Monitoring our grow environment can be a game changer! If you’re not considering daytime and night-time temps and humidity – you should.
Temperature and relative humidity have an inverse relationship. So as air temperature increases it can hold more water molecules, and so relative humidity will decrease. And inversely when temperatures drops, the relative humidity increases.
Why does this matter?
This inverse relationship of relative humidity to temperature means that on the overnight as your temp drops – your humidity will rise! Sometimes significantly.
Well… there is nothing more sad than a fully flowering bud riddled with bud rot due to high humidity and lack of airflow.
The Temp Goal courtesy of grow weed easy:
The humidity goals:
For veg 60%
For flower 30-45%
Now that we know what our humidity and temp should ideally be, How do we know what it is in our grow environment?
This brings me back to this Inkbird bluetooth humidity and temperature sensor… One must monitor our environment to really know. And this handy little bluetooth device does just that.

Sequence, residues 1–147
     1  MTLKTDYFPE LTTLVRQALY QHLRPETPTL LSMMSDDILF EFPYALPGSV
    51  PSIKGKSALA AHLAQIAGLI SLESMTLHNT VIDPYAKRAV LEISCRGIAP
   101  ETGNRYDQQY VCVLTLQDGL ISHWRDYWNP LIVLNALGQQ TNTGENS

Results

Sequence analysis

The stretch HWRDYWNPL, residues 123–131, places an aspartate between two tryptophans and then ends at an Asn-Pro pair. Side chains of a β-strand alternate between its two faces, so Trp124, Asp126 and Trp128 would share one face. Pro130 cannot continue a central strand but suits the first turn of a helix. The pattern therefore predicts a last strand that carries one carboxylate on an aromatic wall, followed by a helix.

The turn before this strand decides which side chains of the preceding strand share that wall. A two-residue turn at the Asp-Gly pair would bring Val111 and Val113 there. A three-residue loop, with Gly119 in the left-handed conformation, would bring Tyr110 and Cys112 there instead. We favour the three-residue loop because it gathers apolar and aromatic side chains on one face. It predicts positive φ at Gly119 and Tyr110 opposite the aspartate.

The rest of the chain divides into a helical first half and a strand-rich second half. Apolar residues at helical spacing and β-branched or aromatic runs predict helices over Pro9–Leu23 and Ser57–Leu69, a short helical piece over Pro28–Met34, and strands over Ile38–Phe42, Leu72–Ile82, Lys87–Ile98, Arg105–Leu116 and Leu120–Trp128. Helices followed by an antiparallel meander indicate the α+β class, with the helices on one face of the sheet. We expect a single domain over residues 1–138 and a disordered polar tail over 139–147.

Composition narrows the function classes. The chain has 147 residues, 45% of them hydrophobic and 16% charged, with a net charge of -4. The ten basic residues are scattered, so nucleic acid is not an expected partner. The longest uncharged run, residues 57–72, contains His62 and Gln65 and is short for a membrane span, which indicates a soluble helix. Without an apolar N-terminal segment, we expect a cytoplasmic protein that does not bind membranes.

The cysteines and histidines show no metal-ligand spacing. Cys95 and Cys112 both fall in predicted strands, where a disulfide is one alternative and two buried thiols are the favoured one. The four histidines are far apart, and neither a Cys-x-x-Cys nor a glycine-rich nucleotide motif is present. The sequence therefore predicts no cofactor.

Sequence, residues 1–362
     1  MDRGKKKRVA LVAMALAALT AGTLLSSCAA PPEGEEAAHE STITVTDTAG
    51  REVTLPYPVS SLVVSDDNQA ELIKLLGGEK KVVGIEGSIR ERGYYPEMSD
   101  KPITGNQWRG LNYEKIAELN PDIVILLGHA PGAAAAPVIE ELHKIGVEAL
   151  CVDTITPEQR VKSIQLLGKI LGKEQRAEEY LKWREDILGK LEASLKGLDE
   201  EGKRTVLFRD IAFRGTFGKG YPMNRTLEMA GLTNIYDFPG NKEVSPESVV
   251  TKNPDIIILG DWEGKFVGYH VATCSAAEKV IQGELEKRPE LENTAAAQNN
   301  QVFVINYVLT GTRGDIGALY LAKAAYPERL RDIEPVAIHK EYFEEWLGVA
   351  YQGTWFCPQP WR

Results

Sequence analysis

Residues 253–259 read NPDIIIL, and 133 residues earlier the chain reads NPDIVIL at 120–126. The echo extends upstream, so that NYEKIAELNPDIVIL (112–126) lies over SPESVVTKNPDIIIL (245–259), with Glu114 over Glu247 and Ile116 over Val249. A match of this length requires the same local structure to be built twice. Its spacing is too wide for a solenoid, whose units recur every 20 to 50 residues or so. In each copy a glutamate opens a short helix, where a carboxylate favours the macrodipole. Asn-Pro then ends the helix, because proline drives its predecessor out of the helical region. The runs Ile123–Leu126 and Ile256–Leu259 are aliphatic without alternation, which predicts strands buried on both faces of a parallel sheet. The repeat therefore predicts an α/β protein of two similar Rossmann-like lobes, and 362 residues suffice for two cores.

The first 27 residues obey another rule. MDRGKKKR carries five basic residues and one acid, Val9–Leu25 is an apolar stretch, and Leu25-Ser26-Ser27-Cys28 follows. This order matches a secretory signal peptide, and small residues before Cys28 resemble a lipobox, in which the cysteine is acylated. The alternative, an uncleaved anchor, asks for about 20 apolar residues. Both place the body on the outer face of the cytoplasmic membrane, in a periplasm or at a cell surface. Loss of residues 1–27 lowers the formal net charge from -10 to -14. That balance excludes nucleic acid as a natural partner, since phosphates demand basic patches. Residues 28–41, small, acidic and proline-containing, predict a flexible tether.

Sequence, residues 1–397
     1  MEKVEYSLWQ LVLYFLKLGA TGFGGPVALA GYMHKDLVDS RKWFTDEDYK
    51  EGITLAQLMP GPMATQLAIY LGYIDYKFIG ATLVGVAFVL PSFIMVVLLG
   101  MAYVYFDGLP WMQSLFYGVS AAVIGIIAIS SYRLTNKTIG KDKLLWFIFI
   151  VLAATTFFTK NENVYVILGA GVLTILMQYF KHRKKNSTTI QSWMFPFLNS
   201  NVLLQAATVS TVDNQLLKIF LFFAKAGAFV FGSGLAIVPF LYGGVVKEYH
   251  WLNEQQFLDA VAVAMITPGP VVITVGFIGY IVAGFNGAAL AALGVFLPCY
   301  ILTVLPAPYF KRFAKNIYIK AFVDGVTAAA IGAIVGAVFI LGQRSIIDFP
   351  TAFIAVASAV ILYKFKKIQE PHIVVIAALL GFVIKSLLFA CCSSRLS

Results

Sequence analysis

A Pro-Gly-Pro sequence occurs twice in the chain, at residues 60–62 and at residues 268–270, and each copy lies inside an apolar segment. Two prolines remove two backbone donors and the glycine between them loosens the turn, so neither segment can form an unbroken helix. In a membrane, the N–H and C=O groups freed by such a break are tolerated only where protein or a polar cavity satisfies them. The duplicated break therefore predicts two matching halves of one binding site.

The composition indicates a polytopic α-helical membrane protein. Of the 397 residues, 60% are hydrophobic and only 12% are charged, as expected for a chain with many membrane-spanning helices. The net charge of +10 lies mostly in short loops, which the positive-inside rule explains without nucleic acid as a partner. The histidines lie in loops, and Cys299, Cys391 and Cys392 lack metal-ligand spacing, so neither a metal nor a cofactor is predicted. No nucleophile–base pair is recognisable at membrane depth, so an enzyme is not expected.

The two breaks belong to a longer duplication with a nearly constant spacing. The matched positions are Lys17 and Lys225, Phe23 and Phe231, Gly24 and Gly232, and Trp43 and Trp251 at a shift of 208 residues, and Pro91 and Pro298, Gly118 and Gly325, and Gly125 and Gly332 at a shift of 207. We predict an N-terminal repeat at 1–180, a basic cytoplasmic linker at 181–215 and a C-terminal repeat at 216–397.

With a quick download of an app for my phone, I can see what my temperature and humidity is in the “now” and a graph history without being in the room!!!
So much WINNING!
I like how it shows battery life, which has done quite well – in the 6 months I’ve owned, it, it started out in my greenhouse monitoring early spring peramaters before being repurposed into my indoor grow space. Despite all the temperature extremes I can throw at it – it still has 65% battery left! Update: battery lasted approx 10 months.
Should you be out of range, the temp and humidity numbers appear grey vs black. It also shows the last reading with the numbers are greyed out while it connects and downloads the latest update. You can also use the slider to narrow down what you want to display.
It does have alerts you can setup that work when you are within bluetooth range, but being bluetooth – they do not work if you are not in range and the app isn’t open.
My favourite feature is the “diagram” giving you this nifty little visual. If you click on the calendar in the upper right corner, you can switch between daily, weekly, or monthly views and allowing you to switch between humidity and temp. Downside is the loading time before it reads “success reading” in green.
A very affordable means to track temp and humidity, So… awesome for when I’m at home, less so for when I’m not.
I definitely like the graph diagram for tracking purposes.
Now if they only would make the humidity controller wifi…